Recently we posted a video where we talked about how fresh eggs in the grocery store actually are and there was a lot of commentary about if it really mattered how fresh the eggs are or does it just matter that they’re still edible. We decided to team up again with Fresh Eggs Daily for a follow-up video and post. Today we’re going to compare an egg laid today from our property and an egg from a carton sold at the grocery store.
The first thing we tested was a simple visual comparison. We took the egg from the coop, laid today (haven’t even bothered cleaning it off) and an egg from a carton which, according to the Julian date, was packaged 33 days ago, so who knows, the egg could be 33 or even 43 days old, but either way, we know it is not a day old egg. We cracked them into the same dish and took a look-see.
The first thing we noticed is that the yolk and the whites were not separating from the coop-fresh. The whites stayed right up there with the yolk were not spreading around. However, the whites from the store bought egg spread all over the dish. You could even say they ran for the hills!
So visually there was obviously some difference but I think what probably matters the most to all of you, because it certainly matters the most to me, is what does it actually taste like. So, we cooked a store bought egg and a farm fresh egg and we are going to put these in front of the hardest critic anybody can possibly find – a CHILD!
Tracey is our almost-11 year old and she can be a picky eater. However, she has our coop-fresh eggs several times a week. What will she make of the eggs? Can she even tell a difference?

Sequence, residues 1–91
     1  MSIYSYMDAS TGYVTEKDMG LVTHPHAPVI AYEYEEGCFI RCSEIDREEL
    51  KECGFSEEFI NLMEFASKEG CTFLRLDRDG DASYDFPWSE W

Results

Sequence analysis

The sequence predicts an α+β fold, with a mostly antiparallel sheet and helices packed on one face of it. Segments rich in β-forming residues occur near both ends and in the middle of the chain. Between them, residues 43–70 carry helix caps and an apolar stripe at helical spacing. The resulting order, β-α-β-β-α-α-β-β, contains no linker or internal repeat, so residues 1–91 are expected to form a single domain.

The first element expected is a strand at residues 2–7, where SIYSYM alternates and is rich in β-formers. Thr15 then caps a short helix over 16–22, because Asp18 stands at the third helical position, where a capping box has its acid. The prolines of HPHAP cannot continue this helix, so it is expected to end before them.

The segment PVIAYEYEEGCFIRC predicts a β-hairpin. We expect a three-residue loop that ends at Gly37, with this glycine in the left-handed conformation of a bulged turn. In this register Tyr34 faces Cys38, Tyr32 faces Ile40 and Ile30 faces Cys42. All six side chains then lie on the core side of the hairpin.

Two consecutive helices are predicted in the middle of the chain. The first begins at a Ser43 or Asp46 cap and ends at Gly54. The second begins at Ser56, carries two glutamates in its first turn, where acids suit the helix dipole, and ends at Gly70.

We put two plates in front of her – one had the store egg and the other our own coop-fresh egg. She happened to try the store-bought egg first and… guess what? She immediately declared it was the store egg. But I asked her to try both and she did. She was still convinced the first one was the store egg.
And she was correct. She went on to say that she eats fresh eggs all the time and she could tell the difference in the taste between the eggs.
Well, there you have it. I don’t care who you go to, I don’t care what nutritional guide you can send me, I don’t care what sort of governmental report or scientific analysis you can do, as a homesteader and as a father, what I’m interested in is what makes my children happy, and my child says that the fresh egg is best. Period.
So, is an egg that’s been in the grocery store for 3 weeks just waiting for you to buy it going to kill you? Probably not. And the nutrition value probably hasn’t dropped all that much either, after all, the nutrition in the egg is meant to be there for a baby chick getting ready to be hatched into the world. But does that mean it’s the freshest egg; that it’s best tasting egg that you’re actually going to enjoy eating, probably not.
You’re probably going to enjoy the egg taken right out of your back yard coop or bought from your neighbor, or another family farm nearby a lot more than you’re going to enjoy that factory farm egg that has to work its way through a distribution system before it ends up on your plate.
Lastly, be sure to check the video and watch all the way to the end to see a hilarious quote that Tracey offered up: “I’ll eat the fresh one. The pigs can have the store bought.”
As it turns out, kids really do say the darndest things!
Be sure to check out this awesome article about this at Fresh Eggs Daily!